Police and crime commissioners (PCCs) have been criticised for failing to invest in youth crime prevention programmes.
However, a new report by the Transition to Adulthood Alliance and Revolving Doors Agency highlights ways that PCCs are now commissioning and supporting projects to tackle offending by 18- to 24-year-olds.
The report authors say a quarter of the 43 PCCs in England and Wales now include "young adults" or "youth" as a priority in their plans, as recognition grows of the distinct vulnerabilities young people experience in their transition to adulthood.
The criminal justice system treats young people as adults when they turn 18. However, the report states that PCCs have a crucial role to play in joining up the youth and adult judicial systems, and outlines examples of how commissioners are taking the lead.
South Wales PCC - Diverting young offenders
Young people aged 18 to 25 arrested for minor offences are offered the chance to participate in diversion schemes. They are issued with an adult community resolution instead of a caution or out-of-court disposal, and are required to have an interview with a diversion worker who creates a tailored intervention plan addressing behaviour and using a restorative practice approach.
Independent evaluation of the scheme last year found writing letters of apology to victims and attending "shuttle" mediation sessions provided young adults with time to reflect. Piloted in Bridgend in 2013, it was extended across the force region in 2016 and looks set to be refunded in 2018/19.
Cumbria PCC - Establishing a youth Commission
Last April, Cumbria PCC Peter McCall funded Young Cumbria to establish a Youth Commission to influence decisions about policing and crime prevention in the area.
A total of 32 youth commissioners aged 14 to 25 were recruited, and undertook consultation with 3,000 young people in the county. They established a set of priorities including hate crime, mental health, bullying and underage drinking, and throughout 2018 will work with police, the youth offending service, Cumbria Council and the PCC to apply ways to tackle these.
In addition, the commissioner has funded an initiative that encourages 15- to 24-year-olds at risk of exclusion or offending to work in a local community garden. Participants gain qualifications, while produce is donated to Carlisle Foodbank.
Gloucestershire PCC - Helping substance misusers
Commissioner Martin Surl has introduced a substance misuse diversion and support project to avoid criminalisation of young people for minor drug offences. He hopes that an early intervention approach can reduce the risk of minor drug offences becoming a trigger for young adults getting involved in more serious crime.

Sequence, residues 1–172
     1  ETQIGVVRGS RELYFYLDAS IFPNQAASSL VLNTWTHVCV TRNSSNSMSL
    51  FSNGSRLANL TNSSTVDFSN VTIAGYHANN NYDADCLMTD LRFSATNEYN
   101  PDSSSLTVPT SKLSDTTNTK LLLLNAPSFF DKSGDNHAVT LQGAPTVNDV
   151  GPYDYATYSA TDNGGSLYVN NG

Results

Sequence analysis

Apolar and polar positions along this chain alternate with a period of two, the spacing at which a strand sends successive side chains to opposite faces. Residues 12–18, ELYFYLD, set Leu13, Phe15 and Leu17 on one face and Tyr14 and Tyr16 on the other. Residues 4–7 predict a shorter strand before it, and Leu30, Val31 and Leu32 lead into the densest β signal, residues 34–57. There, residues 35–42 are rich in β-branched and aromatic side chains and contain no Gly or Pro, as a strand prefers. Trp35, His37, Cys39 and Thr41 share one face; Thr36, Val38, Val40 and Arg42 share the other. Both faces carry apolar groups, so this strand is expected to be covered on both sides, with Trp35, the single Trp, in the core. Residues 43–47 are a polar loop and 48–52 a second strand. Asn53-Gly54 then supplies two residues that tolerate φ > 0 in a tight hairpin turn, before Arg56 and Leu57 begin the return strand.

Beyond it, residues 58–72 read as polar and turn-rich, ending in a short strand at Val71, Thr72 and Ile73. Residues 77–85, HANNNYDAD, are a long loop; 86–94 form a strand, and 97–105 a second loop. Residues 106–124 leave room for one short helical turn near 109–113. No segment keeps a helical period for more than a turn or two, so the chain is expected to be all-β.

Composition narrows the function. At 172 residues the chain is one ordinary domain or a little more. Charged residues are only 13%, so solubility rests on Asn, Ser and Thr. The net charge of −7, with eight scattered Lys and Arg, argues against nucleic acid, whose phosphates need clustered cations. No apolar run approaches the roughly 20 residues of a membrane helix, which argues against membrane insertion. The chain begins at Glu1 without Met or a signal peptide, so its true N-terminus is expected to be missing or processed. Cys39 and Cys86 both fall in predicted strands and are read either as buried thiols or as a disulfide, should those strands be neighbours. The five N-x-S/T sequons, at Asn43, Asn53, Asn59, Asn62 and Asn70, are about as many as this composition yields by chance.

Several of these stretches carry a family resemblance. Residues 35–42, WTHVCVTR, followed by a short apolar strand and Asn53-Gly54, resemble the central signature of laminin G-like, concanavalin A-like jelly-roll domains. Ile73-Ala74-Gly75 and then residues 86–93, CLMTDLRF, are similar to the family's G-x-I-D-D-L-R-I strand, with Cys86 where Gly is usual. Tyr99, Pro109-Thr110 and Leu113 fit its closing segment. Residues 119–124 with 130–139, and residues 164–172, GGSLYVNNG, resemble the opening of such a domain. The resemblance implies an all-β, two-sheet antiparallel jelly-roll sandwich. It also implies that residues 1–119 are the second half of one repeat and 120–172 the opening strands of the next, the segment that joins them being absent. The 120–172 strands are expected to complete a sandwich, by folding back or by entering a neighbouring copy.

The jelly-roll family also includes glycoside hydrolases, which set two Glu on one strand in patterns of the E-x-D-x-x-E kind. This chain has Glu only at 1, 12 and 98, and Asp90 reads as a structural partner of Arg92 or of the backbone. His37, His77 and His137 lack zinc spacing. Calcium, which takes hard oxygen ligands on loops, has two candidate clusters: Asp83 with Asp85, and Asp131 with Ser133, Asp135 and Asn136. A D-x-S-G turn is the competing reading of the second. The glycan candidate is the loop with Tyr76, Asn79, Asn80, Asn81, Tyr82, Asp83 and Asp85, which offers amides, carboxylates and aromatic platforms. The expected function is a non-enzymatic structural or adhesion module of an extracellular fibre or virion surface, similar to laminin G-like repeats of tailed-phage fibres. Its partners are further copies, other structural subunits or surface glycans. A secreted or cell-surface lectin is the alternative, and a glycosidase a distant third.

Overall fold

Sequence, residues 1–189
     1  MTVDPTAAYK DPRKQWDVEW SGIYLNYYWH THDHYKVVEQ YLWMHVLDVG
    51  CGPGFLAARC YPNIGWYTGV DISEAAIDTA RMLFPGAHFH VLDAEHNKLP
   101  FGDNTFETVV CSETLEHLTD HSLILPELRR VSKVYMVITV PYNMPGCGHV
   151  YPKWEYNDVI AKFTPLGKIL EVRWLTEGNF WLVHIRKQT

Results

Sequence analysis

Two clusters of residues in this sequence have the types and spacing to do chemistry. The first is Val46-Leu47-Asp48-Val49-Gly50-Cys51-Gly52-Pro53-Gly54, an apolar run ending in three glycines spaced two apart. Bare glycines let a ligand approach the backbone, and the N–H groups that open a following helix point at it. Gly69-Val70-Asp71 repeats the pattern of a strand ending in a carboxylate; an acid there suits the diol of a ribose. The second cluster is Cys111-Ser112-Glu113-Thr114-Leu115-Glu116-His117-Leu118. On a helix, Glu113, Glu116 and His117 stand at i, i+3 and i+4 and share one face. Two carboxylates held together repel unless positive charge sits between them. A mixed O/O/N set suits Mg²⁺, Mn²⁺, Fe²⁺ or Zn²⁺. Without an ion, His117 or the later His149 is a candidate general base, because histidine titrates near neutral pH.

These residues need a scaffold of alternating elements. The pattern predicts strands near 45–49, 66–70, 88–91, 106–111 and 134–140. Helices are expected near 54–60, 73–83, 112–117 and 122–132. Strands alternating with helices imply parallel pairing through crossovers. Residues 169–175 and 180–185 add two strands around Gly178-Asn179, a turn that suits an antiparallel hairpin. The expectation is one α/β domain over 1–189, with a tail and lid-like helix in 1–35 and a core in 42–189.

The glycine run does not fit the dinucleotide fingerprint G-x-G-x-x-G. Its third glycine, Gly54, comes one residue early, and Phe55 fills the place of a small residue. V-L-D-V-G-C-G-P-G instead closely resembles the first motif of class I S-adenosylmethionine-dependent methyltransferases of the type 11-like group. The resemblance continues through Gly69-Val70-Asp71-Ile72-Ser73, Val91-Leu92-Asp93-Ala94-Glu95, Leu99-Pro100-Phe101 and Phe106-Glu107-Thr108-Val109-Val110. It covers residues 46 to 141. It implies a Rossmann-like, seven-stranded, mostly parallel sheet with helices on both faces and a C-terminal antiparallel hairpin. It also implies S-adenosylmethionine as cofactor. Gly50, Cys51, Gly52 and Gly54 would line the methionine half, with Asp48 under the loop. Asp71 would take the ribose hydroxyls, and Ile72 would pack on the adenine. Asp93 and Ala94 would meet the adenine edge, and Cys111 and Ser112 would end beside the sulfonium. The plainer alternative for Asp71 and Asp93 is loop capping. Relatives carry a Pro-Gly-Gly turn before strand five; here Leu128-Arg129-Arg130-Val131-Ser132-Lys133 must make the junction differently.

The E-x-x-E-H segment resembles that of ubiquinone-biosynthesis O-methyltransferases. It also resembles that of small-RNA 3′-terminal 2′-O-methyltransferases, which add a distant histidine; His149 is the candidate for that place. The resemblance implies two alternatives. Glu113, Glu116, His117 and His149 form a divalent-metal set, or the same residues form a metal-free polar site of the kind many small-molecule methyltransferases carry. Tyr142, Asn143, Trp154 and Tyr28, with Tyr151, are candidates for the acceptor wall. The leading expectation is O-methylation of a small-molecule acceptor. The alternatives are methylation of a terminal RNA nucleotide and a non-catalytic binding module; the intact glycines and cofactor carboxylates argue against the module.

The initiative aims to reduce the number of 18 to 24 year olds entering the justice system as a result of minor drug offences by identifying those at risk; and provide substance misuse support to prevent young adults with convictions of committing further offences.
The project is supported by a new overarching programme that aims to tackle the causes of young people committing crime.
Expert View: ‘Police and crime commissioners are right to prioritise the needs of young adult offenders'
By Sean Creaney, Edge Hill University, and Dr Tim Bateman, University of Bedfordshire
As is evident in the examples of promising practices, police and crime commissioners (PCC) appear to be initiating positive and constructive schemes with young adults who cause harm or are at risk of further offending.
Approaches such as mentoring, youth champion roles and forums, shadow boards, diversion and restorative practices exist to reduce the number of 18- to 24-year-olds entering the formal justice system. There appears to be a focus on placing young adults at the heart of the system, prioritising their voices and lived experiences. Such initiatives can help to prevent criminalisation and maximise diversion in the form of tailored out-of-court disposals.
This practice is in accordance with the evidence that formal contact with the criminal justice system can reinforce a criminal identity. This stigmatising and labelling course of action can hinder the process of desistance and impact negatively on their life chances.
The report states that professionals should have the option to extend youth justice support. Although a distinct approach is required to meet the needs of the 18-24 cohort, the UN Convention on the Rights of the Child defines a child as a person under 18 and requires that methods for dealing with children are distinct from adults. If we breach that provision, there is a real risk that an extended system wouldn't see the need to address children's rights specifically.
Part of the current advantage children have is higher levels of resourcing. That could be diluted if the upper age limit of the youth justice system was increased. There is also a risk that children would be treated increasingly as adults and if the system expanded, children would be outnumbered two to one by young adults.
Nevertheless, there is a need to invest in innovative PCC schemes dedicated to addressing the distinct needs of the 18-24 cohort. We should consider reintroducing young adult specialist teams with smaller caseloads to reduce such stubbornly high reoffending rates, address unmet needs and achieve positive outcomes.